Archives For August 2012

Acute Renal Success!!

rpaicu —  August 30, 2012 — Leave a comment

On Thu, Aug 30, 2012 at 3:22 PM, Mark Lucey <marklucey> wrote:

I think these are 2 really great articles explaining not only the patho-physiological mechanisms of AKI, especially “pre-renal” dysfunction and ATN, but also the interesting relationship between cardiac output, circulating volume, blood pressure, renal blood flow and glomerular filtration. Acute Renal Success is a concept that has been around for a long time, as you can see from Boylan’s article, but I never really thought about this beofre I came across the article a number of years ago. For me, it deals with what I call “physiological” oliguria! Our great challenge in this area, I think, is to recognise when “physiological” oliguria becomes pathological.

(Mark L)

Mechanisms of Acute Renal Failure.pdf

Acute Renal Success – the unexpected logic of oliguria in acute renal failure.pdf

Bye Bye Balloon?

expensivecare —  August 30, 2012 — Leave a comment

Early release 300 patient RCT in the NEJM from a study presented at the European Society of Cardiology this week.  No benefit with IABP in patients with cardiogenic shock undergoing/about to undergo revascularisation.

Intraaortic Balloon Support for Myocardial Infarction with Cardiogenic Shock

So it seems the groin may not be as dirty as we thought…a meta-analysis from the prolific Paul Marik (see previous post on fluid resuscitation) shows that the femoral route for CVC insertion may not be associated with a higher rate of catheter related bloodstream infection (CRBSI) than the jugular or subclavian routes.

Femoral CVC not so bad for CRBSI Marik CCM 12

See also Scott Weingart’s blog on this, and listen to the podcast – an interview with Paul Marik in which he explains the results of his meta-analysis.


Nobody better than the NEJM to produce a good review from a clinical scenario.

Joe Bloggs is a 90 year old gentleman admitted from Casualty with chest pain. He is noted to look unwell. He is an ex-smoker and tells you he has mild emphysema and high blood pressure. He is clammy, tachypnoeic and hypotensive. He tells the ED intern looking after him that he was gardening when he started to feel a heaviness in his chest. He says he has been having this heaviness on-and-off for the past 6 months, particularly when climbing the stairs. He had seen his GP who thought he might have angina and he had been commenced on metoprolol 25mg BD and aspirin. His GP referred him to a Cardiologist, but he missed his appointment.

He was treated with morphine and cautious fluids in ED, but his chest pain did not subside. His ECG was reviewed by the Registrar on duty who spotted inferolateral ST segment elevation. She quickly rang the Cardiologist on call who arranged an urgent angiogram. The results are urgently faxed to the CICU floor (see angio.pdf below).

An urgent theatre slot was made and the patient underwent emergency on-pump CABG. A Swan-Ganz catheter and 4-lumen CVC were inserted. Anaesthesia was complicated by runs of atrial fibrillation and non-sustained VT. Sternotomy was performed. Cardiopulmonary bypass was established with bicaval cannulation and cardioplegia. Four grafts were carried out, LIMA to LAD, SVG to LCx, RCA and PDA.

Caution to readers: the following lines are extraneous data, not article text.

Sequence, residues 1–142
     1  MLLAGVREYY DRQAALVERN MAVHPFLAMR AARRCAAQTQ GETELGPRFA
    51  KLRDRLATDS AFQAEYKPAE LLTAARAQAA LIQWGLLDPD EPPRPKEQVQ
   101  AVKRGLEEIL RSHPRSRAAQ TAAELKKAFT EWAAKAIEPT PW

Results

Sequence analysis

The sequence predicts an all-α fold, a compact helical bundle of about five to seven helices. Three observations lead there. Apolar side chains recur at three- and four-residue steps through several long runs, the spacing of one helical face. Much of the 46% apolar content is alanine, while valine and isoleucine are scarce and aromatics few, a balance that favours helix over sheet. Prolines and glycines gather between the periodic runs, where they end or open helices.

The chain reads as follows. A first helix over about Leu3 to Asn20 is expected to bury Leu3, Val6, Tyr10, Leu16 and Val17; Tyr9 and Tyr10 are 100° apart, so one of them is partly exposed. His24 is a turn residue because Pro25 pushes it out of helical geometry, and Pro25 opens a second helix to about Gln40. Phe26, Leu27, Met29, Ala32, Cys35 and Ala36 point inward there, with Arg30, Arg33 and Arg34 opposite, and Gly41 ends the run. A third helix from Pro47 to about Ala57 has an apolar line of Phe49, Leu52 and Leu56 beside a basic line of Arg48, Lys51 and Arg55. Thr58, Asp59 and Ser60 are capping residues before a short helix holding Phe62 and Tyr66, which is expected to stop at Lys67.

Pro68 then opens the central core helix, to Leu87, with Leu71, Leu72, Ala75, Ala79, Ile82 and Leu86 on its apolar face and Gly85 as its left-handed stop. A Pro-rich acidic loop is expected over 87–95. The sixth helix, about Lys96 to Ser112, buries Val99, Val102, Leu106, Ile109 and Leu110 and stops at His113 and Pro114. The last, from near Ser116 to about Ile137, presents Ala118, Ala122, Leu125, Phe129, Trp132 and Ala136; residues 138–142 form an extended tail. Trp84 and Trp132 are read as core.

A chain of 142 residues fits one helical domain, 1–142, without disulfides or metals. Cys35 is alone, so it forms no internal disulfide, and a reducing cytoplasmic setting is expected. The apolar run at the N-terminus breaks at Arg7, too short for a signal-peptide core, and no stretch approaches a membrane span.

The surgeon commented frequently that the surgical field was complicated by bleeding and by small calibre friable vein grafts, leading to a CPB time of 128 minutes. He also complained of ineffective cardioplegia (myocardial contraction was noted during bypass).

On rewarming the patient, the intraoperative TOE shows a severely dilated, poorly contracting RV, TAPSE 0.5cm, poor radial function with moderate TR. PA pressures were noted to be 70/48mmHg. The left ventricle was only mildly impaired with mild-moderate MR. A loading dose of milrinone was given and the IABP recommenced. He remained unstable coming off bypass requiring high doses of milrinone, adrenaline and vasopressin to maintain BP.

He is hastily brought round to CICU, where a tired Anaesthetist hands the patient over to you. Shortly afterward, you review the patient. The nursing staff have given a fluid challenge and have documented their observations. (See numbers.pdf below).

How should we manage these patients? Comments please!

Next week I will post a useful paper on RV failure and a presentation on the use of vasoactive drugs in CICU.

We are soon to take delivery of a Storz video laryngoscope. This will help with difficult airways but also be great for teaching purposes. It also performs well in clinical trials – some researchers from Melbourne have shown that it blows its nearest competitor out of the water…

C Mac beats McGrath BJA 12

See it in action below – yes, this is footage of some mad anaesthetist performing self-laryngoscopy. Please don’t try this at home…

Mark L has sent us these excellent review articles from August’s Current Opinion in Critical Care. From how to look after those tricky septic and post-op surgical patients to pragmatic advice on the treatment of acute AF and heart failure, and much more besides…

Periop morbidity – lessons from recent trials Thiele COCC 12

Less invasive approaches to periop optimisation Geisen COCC 12

Enhanced recovery to reduce surgical morbidity Grocott COCC 12

IV fluids in surgical ICU patients Raghunathan COCC 12

Postop Delerium – etiology and management McDaniel COCC 12

Emergency management of sepsis Puskarich COCC 12

Management of AF in the acute setting Chenoweth COCC 12

Early management of Acute Heart Failure Summers COCC 12

Risk stratification and treatment of PE Penazola COCC 12

Anaphylaxis De Bisschop COCC 12